Over the seas and far away, stocks closed the day on a positive note, the nerds of NASDAQ added over one-quarter of a percent, the broader market S&P 500 was driven higher (up 0.41 percent) by the energy and basic materials sector, you guessed it, better oil prices! The Dow Industrials added one-fifth of a percent. There was a pretty decent employment read, in the form of the ADP employment data, ahead of the non-farm payrolls number this Friday, the most important read since the last read. Private payrolls according to ADP (a payroll processor) increased by 214 thousand. Nice. And apparently in the Republican camp, America must be made great again. Great from what? Seems with unemployment at 4.9 percent, that is pretty great? Admittedly the wage bill is the biggest issue, as wages have stagnated for the middle class.
Across the seas towards where the sun rises, stocks in Hong Kong are lower by around two-thirds, stocks in Japan are up again, as are stocks in Shanghai, not so in Hong Kong. Expect markets to start a little better here this morning, the mood certainly seems to be changing a little bit, perhaps it really is the oil price that is going higher and higher. Oil closed at the highest level since January the 5th, strangely, stocks did too!
Steinhoff (International Holdings) have been in the news lately. For a lot of reasons. Yesterday the stock touched an all time high, in both the short listed history in Frankfurt, which has been since December last year, and here in Jozi. At one stage the stock was trading at 89 Rand a share, the stock was in the third week of January below 70 Rand a share. The company reported results on Monday for the first six months of their financial year.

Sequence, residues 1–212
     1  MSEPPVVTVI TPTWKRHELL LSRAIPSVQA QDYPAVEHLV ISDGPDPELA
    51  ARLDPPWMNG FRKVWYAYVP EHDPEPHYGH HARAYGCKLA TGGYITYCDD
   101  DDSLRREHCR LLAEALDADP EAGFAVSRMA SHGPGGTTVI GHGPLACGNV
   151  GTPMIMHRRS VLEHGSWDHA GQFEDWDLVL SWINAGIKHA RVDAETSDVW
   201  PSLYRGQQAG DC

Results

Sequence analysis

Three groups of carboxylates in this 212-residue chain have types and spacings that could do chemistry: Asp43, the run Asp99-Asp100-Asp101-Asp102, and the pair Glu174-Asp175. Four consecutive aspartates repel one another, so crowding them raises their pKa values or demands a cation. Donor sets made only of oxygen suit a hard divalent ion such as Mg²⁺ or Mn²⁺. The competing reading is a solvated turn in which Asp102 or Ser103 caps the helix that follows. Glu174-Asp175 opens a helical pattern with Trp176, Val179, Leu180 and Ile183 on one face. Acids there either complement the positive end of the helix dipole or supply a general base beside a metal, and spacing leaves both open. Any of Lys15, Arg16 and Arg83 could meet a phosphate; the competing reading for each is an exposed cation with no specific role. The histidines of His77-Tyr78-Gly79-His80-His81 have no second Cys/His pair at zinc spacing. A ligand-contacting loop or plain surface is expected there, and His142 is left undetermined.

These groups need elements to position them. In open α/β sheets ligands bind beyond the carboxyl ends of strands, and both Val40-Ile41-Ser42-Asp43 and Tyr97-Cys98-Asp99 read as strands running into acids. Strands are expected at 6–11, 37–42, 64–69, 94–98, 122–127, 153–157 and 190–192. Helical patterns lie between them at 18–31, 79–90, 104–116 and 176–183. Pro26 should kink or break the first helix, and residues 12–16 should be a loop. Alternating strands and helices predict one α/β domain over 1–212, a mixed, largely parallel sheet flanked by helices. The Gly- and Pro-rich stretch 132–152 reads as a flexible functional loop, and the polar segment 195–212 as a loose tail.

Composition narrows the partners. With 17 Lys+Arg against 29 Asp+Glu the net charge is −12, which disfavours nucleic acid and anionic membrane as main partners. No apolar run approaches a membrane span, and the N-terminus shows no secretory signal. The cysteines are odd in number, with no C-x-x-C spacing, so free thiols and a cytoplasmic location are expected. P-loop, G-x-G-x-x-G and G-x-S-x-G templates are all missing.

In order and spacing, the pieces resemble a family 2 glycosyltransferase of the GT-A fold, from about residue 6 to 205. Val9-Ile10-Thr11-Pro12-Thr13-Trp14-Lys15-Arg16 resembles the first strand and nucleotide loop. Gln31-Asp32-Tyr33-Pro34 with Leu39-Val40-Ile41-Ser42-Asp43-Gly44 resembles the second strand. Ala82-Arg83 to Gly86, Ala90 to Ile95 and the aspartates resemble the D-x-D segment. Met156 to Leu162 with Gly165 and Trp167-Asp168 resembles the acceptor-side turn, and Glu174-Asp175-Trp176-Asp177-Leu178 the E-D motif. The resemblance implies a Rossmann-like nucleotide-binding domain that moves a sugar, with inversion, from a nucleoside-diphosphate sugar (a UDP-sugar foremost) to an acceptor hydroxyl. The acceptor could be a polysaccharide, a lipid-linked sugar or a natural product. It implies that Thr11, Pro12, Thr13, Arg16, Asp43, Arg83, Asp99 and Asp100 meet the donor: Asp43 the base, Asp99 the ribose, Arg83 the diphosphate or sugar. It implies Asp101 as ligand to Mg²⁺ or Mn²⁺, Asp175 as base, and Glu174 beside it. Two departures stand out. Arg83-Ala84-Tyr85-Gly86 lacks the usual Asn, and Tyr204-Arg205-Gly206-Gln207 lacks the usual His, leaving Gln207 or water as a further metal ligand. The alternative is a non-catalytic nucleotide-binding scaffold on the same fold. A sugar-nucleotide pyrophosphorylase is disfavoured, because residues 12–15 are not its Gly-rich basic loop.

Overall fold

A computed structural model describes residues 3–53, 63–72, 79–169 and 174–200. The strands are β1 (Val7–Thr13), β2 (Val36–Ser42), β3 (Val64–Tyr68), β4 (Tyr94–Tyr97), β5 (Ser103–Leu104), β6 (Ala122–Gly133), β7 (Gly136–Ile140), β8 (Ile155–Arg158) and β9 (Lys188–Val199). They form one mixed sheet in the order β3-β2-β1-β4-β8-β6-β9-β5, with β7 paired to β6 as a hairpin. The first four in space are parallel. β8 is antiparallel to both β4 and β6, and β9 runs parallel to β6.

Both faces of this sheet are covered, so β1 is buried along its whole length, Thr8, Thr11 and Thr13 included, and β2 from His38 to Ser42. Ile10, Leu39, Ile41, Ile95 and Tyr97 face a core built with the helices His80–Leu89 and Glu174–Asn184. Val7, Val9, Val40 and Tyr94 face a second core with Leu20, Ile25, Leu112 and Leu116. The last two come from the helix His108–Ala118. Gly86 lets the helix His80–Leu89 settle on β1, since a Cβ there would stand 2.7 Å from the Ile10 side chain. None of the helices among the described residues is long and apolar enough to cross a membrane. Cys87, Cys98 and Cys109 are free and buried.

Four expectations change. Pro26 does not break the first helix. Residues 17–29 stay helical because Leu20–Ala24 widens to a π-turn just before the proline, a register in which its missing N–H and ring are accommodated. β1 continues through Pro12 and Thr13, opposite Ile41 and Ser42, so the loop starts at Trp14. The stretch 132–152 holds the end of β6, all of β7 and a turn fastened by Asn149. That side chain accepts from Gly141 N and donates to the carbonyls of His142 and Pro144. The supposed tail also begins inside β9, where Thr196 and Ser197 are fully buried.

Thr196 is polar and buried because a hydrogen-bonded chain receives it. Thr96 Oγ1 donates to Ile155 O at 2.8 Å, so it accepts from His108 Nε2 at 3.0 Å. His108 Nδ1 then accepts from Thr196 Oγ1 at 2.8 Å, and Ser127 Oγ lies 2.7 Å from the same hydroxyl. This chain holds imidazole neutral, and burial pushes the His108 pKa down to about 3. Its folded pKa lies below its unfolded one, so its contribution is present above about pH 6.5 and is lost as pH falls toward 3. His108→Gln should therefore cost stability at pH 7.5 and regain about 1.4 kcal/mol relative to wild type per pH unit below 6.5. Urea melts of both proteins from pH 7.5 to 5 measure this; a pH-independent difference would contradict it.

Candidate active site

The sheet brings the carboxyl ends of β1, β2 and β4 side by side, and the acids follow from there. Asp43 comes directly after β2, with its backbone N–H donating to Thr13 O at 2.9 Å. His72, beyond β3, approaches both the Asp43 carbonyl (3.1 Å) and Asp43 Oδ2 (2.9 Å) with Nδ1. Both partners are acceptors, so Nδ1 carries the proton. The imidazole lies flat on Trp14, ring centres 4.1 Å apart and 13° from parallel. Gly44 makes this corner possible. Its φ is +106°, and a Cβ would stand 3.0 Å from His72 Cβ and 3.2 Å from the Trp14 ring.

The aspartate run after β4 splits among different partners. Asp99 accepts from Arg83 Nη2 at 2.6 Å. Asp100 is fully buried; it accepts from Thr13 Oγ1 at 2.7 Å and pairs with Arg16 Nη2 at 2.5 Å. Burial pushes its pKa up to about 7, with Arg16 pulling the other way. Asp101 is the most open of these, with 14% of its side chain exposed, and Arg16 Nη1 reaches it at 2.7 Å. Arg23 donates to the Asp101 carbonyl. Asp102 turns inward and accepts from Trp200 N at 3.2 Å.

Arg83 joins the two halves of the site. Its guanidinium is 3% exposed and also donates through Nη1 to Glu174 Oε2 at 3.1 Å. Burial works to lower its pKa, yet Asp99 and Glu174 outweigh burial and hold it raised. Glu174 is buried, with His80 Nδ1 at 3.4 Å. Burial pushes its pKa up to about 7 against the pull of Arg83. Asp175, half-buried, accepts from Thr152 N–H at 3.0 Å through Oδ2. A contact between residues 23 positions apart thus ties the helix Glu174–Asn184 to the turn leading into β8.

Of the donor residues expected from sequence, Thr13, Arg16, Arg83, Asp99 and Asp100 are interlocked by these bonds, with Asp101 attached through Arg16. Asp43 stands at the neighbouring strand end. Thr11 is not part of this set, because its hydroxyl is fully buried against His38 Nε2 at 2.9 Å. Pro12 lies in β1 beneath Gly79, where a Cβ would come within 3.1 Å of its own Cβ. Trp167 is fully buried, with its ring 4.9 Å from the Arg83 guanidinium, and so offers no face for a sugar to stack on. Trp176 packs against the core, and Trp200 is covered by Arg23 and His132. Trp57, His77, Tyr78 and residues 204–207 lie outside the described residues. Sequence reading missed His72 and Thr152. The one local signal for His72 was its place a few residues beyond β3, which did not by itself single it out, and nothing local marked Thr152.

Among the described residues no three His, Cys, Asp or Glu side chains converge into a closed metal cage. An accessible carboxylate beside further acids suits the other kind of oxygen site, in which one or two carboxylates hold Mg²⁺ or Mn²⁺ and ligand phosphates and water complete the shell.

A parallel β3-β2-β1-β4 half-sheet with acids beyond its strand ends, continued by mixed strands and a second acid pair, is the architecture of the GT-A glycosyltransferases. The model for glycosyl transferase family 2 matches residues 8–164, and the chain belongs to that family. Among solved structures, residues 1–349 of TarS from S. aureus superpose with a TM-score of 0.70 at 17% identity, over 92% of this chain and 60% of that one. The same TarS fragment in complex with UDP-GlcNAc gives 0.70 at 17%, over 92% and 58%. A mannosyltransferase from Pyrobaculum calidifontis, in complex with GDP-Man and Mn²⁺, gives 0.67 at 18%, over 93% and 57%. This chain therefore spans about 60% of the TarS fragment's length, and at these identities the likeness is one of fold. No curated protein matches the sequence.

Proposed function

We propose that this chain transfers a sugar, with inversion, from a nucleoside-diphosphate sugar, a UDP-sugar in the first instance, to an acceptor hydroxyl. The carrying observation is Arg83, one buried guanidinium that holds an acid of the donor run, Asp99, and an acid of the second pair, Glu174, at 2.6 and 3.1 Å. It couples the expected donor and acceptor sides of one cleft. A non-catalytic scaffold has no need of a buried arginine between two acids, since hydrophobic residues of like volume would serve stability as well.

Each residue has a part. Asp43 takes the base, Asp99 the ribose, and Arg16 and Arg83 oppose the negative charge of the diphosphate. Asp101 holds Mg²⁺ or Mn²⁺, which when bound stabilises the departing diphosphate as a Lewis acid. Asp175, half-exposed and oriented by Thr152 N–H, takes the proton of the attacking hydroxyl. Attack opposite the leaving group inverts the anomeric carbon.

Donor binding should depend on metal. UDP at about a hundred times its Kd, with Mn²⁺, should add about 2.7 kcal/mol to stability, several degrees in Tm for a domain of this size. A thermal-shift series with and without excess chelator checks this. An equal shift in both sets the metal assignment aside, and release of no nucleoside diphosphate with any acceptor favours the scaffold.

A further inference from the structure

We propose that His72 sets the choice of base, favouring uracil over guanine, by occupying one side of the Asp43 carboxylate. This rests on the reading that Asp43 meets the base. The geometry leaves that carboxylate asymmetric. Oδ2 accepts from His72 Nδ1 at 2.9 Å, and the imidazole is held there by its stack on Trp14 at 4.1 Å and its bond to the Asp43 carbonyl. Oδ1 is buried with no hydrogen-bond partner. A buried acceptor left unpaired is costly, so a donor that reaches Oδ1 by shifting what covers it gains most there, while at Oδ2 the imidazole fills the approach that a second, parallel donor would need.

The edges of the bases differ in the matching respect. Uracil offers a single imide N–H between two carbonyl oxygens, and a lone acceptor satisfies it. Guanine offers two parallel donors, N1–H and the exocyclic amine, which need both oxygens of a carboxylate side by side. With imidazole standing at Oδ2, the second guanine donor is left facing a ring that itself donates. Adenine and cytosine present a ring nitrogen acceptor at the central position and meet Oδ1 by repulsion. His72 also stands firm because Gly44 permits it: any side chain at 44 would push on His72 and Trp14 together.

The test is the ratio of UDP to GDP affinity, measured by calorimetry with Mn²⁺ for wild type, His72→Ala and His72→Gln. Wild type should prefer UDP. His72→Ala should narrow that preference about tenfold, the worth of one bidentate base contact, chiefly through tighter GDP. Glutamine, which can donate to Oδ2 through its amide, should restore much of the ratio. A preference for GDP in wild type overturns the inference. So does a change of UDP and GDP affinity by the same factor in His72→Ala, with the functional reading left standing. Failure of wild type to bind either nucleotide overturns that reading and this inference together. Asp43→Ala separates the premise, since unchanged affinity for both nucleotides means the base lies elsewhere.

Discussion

This period obviously includes the new home so to speak, with the listing in Frankfurt and the “home” in the Netherlands. As they point out in the presentation, the attraction for the local shareholder base is that 74 percent of profits are generated from the United Kingdom and Europe, on 59 percent of the revenue base. 34 percent of revenues are generated from Africa (25 percent of profits), balance of revenues (7 percent) and profits (1 percent) are from Australasia.
EPS is flat as shares in issue increased sharply, as a result of the Pepkor transaction. Most pleasing, Conforama increased profits by 31 percent, margins widened by 130 basis points to 6.8 percent. The UK business was flat to middling, margins under pressure there. The group is now huge, 6900 plus outlets, 105 thousand employees, looking to generate sales in excess of 13 billion Euros, that is nearly 220 billion Rand in revenues. That is huge!